Ah, sex in the 1970s. From the hirsute bodies of The Joy of Sex to the grinding bodies on the dance floor at Studio 54, everyone during what became known as the Me Decade seemed to be getting it on. And so were the era’s many sex manuals, which once filled bookstores in what was arguably a golden age of advice for readers in search of some afternoon delight. But what can those books tell us about sex during the height of the Sexual Revolution? A lot, says Anna E. Ward, who argues that the 1970s was a distinctive sexual decade that’s well worth studying today.
When Ward studied sex and dating advice literature of the era, she discovered themes of feminism, gender politics, and self-fulfillment. Books like The Sensuous Man and The Joy of Sex encouraged men to pay attention to Women’s Lib and become willing to give women orgasms. Sexual issues were directly connected to inequality between men and women, and the “vaginal orgasm” became a kind of sexual scapegoat. For too long, men had ignored the real ways in which women orgasm, manuals argued, and it was time for them to relearn their techniques.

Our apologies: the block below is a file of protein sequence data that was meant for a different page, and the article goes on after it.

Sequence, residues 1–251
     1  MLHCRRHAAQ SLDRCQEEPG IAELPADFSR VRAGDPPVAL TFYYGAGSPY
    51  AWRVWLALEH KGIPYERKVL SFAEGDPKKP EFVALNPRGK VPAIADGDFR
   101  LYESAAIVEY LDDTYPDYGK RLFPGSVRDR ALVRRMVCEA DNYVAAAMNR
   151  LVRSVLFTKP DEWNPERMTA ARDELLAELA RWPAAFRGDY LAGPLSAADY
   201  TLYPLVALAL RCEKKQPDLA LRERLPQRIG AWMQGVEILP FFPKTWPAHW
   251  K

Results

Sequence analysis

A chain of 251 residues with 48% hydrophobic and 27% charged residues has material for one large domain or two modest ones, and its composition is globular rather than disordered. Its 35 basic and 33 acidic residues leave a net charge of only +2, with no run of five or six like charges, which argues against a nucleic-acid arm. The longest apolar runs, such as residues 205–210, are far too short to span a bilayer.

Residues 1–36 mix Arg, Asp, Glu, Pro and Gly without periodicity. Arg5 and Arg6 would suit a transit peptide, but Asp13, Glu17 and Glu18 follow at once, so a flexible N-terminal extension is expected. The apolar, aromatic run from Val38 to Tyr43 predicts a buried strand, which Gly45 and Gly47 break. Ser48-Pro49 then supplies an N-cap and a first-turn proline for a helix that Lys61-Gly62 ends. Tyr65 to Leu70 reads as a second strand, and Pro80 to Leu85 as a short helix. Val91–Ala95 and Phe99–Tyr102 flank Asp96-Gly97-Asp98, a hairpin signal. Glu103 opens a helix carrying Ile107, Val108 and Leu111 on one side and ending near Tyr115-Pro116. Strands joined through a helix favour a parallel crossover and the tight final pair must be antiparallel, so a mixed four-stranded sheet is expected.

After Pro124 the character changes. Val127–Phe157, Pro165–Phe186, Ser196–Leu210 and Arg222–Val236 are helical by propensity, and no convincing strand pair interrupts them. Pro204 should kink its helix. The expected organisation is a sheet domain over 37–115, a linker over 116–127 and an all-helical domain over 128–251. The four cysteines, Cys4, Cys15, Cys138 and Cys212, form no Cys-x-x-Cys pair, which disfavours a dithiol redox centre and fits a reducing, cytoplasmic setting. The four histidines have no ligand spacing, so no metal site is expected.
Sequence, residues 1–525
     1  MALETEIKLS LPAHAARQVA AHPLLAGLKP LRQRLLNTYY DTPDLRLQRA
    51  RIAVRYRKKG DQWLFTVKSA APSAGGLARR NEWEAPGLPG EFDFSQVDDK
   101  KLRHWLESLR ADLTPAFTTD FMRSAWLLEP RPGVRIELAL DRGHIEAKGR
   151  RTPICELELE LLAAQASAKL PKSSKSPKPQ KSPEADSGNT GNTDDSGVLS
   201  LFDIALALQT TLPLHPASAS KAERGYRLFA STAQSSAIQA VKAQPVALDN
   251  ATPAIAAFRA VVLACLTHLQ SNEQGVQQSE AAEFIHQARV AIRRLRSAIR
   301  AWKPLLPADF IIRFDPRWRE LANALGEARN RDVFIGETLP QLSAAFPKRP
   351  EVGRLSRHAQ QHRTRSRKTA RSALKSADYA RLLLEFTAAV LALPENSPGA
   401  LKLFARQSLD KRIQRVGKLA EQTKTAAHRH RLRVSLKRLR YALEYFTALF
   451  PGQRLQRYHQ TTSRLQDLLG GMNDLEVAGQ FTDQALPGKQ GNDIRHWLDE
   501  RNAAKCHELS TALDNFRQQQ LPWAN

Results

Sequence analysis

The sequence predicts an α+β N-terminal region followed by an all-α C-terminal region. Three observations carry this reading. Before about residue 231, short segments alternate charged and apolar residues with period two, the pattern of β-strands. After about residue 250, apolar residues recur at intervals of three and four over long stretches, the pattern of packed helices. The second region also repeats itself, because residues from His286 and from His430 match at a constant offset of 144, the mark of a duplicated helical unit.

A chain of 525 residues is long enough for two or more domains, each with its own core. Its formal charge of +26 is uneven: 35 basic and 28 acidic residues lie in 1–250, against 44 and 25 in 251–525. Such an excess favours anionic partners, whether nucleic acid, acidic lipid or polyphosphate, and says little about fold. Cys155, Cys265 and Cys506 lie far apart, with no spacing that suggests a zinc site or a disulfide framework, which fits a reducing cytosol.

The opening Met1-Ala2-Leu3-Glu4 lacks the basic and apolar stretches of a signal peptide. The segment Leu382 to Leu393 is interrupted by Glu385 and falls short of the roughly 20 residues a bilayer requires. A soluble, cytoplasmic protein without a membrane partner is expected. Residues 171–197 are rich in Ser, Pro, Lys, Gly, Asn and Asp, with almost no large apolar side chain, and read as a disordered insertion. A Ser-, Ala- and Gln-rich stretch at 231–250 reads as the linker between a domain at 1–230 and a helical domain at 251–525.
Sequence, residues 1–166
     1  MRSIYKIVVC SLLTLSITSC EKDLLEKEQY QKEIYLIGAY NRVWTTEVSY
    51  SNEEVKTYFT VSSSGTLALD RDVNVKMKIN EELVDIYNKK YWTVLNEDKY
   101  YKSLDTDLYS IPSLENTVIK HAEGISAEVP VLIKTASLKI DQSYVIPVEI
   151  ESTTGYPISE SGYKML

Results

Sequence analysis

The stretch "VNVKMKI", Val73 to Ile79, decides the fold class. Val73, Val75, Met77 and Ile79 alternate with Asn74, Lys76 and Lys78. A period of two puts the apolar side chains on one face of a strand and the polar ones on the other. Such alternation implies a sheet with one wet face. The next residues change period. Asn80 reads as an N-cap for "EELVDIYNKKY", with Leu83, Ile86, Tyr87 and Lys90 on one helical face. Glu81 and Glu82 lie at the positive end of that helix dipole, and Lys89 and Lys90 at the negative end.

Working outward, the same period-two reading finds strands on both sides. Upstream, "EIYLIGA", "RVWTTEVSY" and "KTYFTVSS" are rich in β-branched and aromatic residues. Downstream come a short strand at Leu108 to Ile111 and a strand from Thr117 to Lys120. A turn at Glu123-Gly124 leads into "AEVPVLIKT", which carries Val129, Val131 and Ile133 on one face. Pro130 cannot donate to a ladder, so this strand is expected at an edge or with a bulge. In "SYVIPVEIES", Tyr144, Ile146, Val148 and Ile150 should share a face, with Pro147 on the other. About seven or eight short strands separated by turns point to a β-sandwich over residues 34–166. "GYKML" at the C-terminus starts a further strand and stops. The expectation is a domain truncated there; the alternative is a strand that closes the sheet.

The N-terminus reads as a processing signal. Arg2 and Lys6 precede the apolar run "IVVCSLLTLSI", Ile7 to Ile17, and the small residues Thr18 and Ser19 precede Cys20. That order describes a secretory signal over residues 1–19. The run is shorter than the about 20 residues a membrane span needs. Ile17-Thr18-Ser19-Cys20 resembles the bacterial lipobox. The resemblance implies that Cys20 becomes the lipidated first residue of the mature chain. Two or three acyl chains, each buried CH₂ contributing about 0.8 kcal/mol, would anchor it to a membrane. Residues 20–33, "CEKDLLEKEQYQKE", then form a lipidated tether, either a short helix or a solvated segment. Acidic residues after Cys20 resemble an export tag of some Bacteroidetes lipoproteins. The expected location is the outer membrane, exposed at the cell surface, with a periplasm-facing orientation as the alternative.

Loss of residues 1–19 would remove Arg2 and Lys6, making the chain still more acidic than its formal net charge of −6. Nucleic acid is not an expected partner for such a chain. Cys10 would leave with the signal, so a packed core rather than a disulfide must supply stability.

Meanwhile, literature aimed at women encouraged them to get to know themselves. Anatomy lessons were presented alongside text that encouraged women to explore their bodies, and sexuality was constructed as a key part of women’s self-identity. “In advice literature of this era,” writes Ward, “sexual experimentation becomes the cornerstone of discovering one’s truest, most intimate self.”
For Ward, the sex literature of the seventies can be seen as a call to women to put their feminism into practice—and a map of how to do so. But heterosexual, middle-class women weren’t the only audiences of the era’s many sex advice manuals. Books aimed at gay and lesbian people, older people, and people with disabilities were all published during the decade. The perspectives of people of color, however, were largely ignored.
As culture changed, sex manuals boomed. Economic and social anxiety may have fueled some of the sexual zeitgeist, allowing women a chance to control their own bodies in an uncontrollable world. The rise of psychotherapy also seems to have played a role.
So what happened to the erotic manuals that lined seemingly every bookshelf during the seventies? The trend died a decidedly unsexy death, says Ward, as people began to turn to experts and seek medical solutions for sexual problems. As companies invested more and more money in prescription drugs, Americans became convinced that the key to sexual fulfillment could be better found in a bottle than in a book. But modern sexuality—from women’s claim on their own bodies to better sex education throughout life—owes much to the bumping and grinding sex advice of the 1970s.